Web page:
By delivering a consistently positive shopping experience for their customers, both Starbucks (NASDAQ:SBUX) and Ulta Beauty (NASDAQ:ULTA) have managed to continue growing despite a recent slowdown in the broader retailing industry. Yet investors aren't particularly excited about either business today. Each stock is roughly flat over the past year, compared to a double-digit rise in the S&P 500.

So let's stack the two onetime Wall Street darlings against each other to see which might make the better buy.

Starbucks vs. Ulta Beauty stock



Ulta Beauty 

Market cap

$84 billion

$16 billion

Sales growth



Net profit margin



Dividend yield



Price-to-sales ratio



Price-to-earnings ratio



52-week stock performance



Data source: Company financial filings and S&P Global Market Intelligence. Sales growth is for stores open at least one year.

Expansion trends

In terms of growth, Ulta Beauty has Starbucks -- as well as most other retailers -- beat by a wide margin. The spa services and beauty supply shop enjoyed a 16% spike in comparable-store sales last year. 2016 also marked its third straight year of accelerating growth by that metric.

Rising average spending played a role in those gains, but Ulta Beauty is winning most of its revenue growth the hard way: through increased customer traffic. The company posted an 11% traffic spike last year and began 2017 with another impressive boost, of 9%.

Starbucks, in contrast, has seen its expansion pace decelerate over the past few years, with traffic growth falling to 1% in 2016 from 3% in the prior year. The coffee titan even dipped into negative territory at the start of 2017.

Chart showing declining traffic growth.

Data source: Starbucks financial filings. Chart by author. *2017 covers the past two quarters.

Executives believe an expanded lunch menu will help the second half of the year show much stronger gains, but even a sharp rebound will leave Starbucks well below Ulta Beauty's expected 10% annual comps spike.

Profit and profitability

On the other hand, Starbucks has far greater earning power. Operating income spiked higher by 16% last year as the company executed well across a wide range of profit-boosting initiatives. These included expanding food as a percentage of sales, leveraging an extremely popular loyalty program, and marketing packaged goods to retailers.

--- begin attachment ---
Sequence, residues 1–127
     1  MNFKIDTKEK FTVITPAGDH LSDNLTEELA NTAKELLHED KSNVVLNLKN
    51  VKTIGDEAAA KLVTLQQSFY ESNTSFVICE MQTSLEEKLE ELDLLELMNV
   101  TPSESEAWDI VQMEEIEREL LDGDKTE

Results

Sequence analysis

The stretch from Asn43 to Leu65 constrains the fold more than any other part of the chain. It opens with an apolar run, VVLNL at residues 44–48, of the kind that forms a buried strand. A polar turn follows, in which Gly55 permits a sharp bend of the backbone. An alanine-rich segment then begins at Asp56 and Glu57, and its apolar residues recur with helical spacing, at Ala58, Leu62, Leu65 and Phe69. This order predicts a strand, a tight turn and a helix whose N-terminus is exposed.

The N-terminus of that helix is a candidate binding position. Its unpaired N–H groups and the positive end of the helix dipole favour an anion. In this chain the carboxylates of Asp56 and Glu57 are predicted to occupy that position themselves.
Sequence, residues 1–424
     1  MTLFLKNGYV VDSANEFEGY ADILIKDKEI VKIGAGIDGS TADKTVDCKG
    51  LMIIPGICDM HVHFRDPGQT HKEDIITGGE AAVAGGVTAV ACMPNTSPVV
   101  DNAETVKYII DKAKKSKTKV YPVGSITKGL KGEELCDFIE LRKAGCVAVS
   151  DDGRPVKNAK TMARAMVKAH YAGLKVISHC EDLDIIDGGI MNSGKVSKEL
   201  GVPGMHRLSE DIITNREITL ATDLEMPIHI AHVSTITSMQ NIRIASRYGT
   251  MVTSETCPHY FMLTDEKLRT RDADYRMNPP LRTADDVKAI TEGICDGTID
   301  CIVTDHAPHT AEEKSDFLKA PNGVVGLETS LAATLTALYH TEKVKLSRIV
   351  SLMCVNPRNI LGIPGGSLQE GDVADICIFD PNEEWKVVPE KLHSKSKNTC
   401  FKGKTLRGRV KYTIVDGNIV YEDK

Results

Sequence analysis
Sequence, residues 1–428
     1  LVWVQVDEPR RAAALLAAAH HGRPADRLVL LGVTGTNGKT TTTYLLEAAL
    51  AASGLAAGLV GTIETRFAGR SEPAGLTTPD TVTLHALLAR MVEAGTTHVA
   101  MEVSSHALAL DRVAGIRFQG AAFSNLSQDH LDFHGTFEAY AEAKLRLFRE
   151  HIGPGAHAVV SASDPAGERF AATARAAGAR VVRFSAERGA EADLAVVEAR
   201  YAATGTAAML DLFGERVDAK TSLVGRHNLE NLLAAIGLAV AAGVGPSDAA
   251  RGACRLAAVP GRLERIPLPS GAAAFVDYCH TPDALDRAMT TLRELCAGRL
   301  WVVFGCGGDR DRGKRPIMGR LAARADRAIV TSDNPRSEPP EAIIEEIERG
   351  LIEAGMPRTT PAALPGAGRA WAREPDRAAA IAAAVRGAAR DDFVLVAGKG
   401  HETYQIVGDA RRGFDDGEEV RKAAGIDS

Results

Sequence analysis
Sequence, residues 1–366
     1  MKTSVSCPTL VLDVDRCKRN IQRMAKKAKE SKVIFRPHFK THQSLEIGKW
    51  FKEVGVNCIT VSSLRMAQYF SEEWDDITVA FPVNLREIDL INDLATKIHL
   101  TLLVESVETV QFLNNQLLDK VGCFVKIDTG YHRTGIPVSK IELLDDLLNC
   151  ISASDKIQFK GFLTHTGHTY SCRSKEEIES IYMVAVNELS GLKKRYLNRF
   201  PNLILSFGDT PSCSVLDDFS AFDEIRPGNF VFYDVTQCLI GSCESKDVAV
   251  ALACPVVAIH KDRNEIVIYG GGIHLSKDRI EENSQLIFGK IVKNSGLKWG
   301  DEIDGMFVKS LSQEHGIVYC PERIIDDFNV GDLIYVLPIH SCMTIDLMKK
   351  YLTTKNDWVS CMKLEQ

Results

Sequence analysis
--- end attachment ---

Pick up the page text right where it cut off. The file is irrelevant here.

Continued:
Ulta Beauty is improving its profitability, too, with net margin creeping up to 8.4% of sales from 7.9% two years ago. And there's room for that figure to improve from here, especially if customer traffic gains continue at a healthy pace. Still, the retailer can't hope to reach the profitability that Starbucks has earned through decades of investing in its global brand.

Starbucks coffee pods

Image source: Starbucks.

Looking ahead

That valuable brand provides Starbucks a wide selection of paths to long-term growth, likely led by an international expansion that's set to boost the store base by 50% over the next few years. Even within the core U.S. market, Starbucks has room to expand with lunch sales, online ordering and delivery, and a deeper penetration of drive-thru locations.

A woman having her hair washed.

Image source: Getty Images.

Ulta Beauty has a narrower focus. CEO Mary Dillon and her team plan to add 100 stores, or about 10% more selling space, to its physical footprint while continuing to invest in the highly successful online sales channel. Over the longer term, the retailer sees annual comps gains slowing but remaining strong at 8% through 2019.

Inventors who don't mind the risk associated with a potential industry slowdown will find Ulta Beauty an attractive buy, especially now that the stock has pulled back from all-time highs. In my view, though, Starbucks' pricing power and wide reach across retailing segments and geographies will translate into a better long-term investment, despite the lower growth pace today.

This article represents the opinion of the writer, who may disagree with the “official” recommendation position of a Motley Fool premium advisory service. We’re motley! Questioning an investing thesis -- even one of our own -- helps us all think critically about investing and make decisions that help us become smarter, happier, and richer.